Things No One Tells You About Early Retirement

Even if you love your job, there are times when you’d rather be doing something else. For many of those who do take the plunge, the reality of early retirement can turn out to be far different than the fantasy.

Here are a few things to consider before you decide to retire:

Healthcare is Expensive

Medicare doesn’t start until age 65. Until then, you’ll need an alternative, and that’s not cheap. The current law, the American rescue Plan Act of 2021, says your insurance costs can’t be more than 8.3% of your household income.1 For example, a person with a household income of $50,000, a mid-level plan would cost $346 per month, or $4,150 per year.

Dipping Into Your Nest Egg Can Be Costly

If you retire before 59 ½, you will usually pay a 10% early withdrawal penalty from most tax-deferred accounts, such as IRAs and 401(k) plans. Unless you have a Roth IRA, which is funded with after-tax contributions, you’ll owe income taxes on the amount you withdraw from traditional accounts funded with pre-tax contributions. To illustrate, if you withdraw $20,000 from an IRA before age 59 ½ and you are in the 15% federal tax bracket, you will pay $5,000 in taxes and penalties, leaving you with $15,000.


With improved healthcare, many people are living longer than the national averages. According to the Society of Actuaries, a woman who retires at 55 will have to make her savings last for 28.6 years on average, compared to 20.4 years if she retires at 65. A man who retires at 55 will have to stretch his savings for 25.1 years, rather than 17.8.

You’ll Spend More Money Than You Think

As a rule of thumb, expect to spend about 80% as much in retirement as you do when you work. This applies in the early years of retirement, when you’re younger, healthier, and newly freed of work. Moreover, don’t be surprised if you spend as much as or more than you did before retirement.

Housing Expenses Don’t Retire When You Do

Retiring without a mortgage is a common goal for would-be retirees, but it’s a goal that many fail to meet. According to a 2019 American Financing survey, 44% of retired homeowners between 60 and 70 still carry a mortgage.2 Even if you have paid off your mortgage, other expenses such as maintenance, utilities, and property taxes don’t go away.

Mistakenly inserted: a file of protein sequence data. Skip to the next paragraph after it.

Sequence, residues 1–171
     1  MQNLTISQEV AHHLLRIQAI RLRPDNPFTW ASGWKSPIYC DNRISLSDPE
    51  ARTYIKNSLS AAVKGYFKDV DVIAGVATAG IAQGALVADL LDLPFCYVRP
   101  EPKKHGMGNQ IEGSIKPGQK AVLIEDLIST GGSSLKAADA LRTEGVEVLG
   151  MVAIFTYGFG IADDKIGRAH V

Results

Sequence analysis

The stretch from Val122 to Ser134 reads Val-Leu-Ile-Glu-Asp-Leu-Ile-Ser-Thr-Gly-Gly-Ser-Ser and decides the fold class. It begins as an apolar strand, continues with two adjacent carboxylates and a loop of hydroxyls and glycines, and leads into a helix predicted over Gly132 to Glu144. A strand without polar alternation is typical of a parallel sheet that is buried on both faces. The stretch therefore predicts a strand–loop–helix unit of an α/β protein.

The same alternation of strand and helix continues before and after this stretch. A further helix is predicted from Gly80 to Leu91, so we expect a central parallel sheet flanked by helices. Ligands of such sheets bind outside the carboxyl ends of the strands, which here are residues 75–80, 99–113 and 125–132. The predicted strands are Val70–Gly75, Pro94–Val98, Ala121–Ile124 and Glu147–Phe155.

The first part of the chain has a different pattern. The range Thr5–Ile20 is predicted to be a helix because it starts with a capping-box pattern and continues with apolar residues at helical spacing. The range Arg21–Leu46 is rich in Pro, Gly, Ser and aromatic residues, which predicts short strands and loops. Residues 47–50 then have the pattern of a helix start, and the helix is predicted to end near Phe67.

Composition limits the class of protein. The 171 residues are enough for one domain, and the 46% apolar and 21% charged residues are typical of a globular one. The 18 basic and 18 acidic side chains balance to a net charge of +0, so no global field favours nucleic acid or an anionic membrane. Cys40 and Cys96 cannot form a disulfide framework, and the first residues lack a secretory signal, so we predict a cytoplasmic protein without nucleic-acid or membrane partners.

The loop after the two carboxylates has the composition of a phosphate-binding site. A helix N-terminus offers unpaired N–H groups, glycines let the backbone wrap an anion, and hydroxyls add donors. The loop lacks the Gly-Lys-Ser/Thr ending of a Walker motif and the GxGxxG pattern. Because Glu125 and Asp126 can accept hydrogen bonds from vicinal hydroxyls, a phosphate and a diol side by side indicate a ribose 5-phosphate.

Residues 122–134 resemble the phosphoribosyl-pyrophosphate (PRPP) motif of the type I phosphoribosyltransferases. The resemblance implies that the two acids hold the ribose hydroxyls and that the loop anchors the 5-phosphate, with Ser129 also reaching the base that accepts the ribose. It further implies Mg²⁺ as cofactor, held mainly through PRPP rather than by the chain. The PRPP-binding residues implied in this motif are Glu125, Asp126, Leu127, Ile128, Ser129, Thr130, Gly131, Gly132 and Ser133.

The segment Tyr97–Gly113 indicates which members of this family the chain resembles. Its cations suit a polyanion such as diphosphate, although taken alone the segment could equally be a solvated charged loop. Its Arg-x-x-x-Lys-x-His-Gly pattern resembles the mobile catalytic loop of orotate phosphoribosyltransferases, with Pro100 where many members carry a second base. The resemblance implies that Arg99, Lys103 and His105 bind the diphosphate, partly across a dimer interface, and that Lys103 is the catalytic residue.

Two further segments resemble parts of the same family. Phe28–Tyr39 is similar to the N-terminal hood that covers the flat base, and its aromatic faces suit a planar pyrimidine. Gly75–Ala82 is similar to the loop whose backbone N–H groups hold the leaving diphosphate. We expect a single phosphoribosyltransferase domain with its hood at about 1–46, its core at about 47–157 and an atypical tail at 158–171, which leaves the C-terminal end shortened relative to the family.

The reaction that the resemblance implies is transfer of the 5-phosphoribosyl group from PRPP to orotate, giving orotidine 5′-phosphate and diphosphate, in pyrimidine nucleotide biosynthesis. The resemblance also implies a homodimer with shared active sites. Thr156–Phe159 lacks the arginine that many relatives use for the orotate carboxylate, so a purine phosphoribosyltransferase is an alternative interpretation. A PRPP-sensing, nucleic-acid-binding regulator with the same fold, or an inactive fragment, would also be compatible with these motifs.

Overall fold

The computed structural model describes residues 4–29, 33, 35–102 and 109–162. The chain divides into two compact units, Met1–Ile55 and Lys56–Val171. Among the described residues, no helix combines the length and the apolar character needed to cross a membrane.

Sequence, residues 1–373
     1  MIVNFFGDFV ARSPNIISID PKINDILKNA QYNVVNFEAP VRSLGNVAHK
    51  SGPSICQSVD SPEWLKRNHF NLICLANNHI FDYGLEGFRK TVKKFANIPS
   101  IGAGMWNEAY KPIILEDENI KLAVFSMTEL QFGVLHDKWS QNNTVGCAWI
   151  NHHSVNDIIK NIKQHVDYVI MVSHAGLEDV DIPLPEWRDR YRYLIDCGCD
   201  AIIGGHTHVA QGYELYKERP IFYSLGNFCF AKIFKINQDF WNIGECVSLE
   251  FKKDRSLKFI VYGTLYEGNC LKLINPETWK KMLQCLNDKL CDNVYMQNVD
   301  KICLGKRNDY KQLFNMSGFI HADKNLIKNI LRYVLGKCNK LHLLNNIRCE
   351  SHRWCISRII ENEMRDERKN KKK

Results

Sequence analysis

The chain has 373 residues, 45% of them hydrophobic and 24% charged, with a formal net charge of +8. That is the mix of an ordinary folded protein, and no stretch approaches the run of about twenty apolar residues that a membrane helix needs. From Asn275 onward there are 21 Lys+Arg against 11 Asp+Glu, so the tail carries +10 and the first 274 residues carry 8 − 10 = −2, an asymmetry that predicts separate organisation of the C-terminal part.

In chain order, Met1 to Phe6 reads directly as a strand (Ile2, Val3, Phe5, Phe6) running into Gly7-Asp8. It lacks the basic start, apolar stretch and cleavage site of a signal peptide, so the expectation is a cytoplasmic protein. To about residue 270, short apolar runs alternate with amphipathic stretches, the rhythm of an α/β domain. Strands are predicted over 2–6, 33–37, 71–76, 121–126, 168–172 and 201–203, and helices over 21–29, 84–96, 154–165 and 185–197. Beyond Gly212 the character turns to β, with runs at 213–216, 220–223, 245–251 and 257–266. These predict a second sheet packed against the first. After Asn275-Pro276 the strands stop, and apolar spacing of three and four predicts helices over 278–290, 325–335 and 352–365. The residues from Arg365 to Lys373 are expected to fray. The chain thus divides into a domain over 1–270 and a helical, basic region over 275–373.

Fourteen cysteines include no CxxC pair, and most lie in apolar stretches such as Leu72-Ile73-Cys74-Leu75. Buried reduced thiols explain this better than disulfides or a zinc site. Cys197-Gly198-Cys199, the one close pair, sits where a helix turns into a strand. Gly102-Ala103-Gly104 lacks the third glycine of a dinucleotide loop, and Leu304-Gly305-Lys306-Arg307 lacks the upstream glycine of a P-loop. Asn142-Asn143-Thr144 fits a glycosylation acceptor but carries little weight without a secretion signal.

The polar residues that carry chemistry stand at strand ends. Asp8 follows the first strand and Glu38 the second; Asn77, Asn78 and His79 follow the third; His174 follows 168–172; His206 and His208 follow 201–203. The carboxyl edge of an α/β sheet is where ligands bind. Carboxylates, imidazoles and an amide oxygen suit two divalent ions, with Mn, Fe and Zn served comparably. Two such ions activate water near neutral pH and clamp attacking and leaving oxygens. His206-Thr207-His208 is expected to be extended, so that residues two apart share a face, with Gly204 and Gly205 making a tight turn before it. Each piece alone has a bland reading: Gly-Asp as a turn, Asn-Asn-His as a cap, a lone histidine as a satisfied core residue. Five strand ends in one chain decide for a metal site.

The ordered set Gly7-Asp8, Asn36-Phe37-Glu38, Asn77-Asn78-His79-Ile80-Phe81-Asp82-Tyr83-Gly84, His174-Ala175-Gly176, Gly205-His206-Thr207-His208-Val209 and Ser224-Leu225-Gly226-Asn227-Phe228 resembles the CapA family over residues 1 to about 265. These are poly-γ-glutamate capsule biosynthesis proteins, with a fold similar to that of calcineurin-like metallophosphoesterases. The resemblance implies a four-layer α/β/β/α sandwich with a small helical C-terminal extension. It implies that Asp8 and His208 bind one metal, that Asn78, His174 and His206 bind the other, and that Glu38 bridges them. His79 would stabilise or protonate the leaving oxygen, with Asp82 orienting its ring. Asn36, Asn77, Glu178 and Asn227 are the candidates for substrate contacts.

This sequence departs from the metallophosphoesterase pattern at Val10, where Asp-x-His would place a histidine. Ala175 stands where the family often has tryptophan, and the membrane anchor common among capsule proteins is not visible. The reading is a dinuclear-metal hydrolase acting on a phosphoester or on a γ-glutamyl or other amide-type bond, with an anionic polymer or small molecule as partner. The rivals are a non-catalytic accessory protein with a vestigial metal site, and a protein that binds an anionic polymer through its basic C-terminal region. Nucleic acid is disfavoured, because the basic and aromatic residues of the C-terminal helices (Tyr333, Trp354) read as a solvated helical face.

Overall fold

Extra Income Can Be Hard to Come By

Working in retirement might not be as simple as you think. While 74% of workers plan to work for pay in retirement, according to a 2020 EBRI study, just 27% of actual retirees reported working for pay.3 Even part-time work can be a challenge.

You Will Have a Lot of Spare Time

When you retire, you have a 40-hour gap in your week that you need to fill. To combat this, make sure you have enough activities to keep your body, mind, and spirituality occupied. Think hard and for the long-term before you retire, and come up with a plan in advance.

You May Need to Make New Friends

If you retire in your 50s, you may find that your current friends aren’t around much because they still have full-time jobs. While you have the luxury of catching a matinee or playing a round of golf on a Tuesday, those in your social circle who are working 9-to-5 don’t.

Retirement Can Be Tough On Couples

Retirement is a major life transition. Most retired couples do not look like those pictured in ads and commercials. You’ll have to decide how work around the house will change. Further, you need to look at things you can do together and what you can or want to do by yourself.

  1. https://www.cms.gov/newsroom/fact-sheets/american-rescue-plan-and-marketplace
  2. https://www.americanfinancing.net/reverse-mortgage/mortgage-options-after-retirement
  3. https://www.ebri.org/docs/default-source/rcs/2020-rcs/2020-rcs-summary-report.pdf?sfvrsn=84bc3d2f_7

Investment Advisory Services offered through Sound Income Strategies, LLC, an SEC Registered Investment Advisory Firm. The Retirement Income Store® , LLC and Sound Income Strategies, LLC are associated entities.

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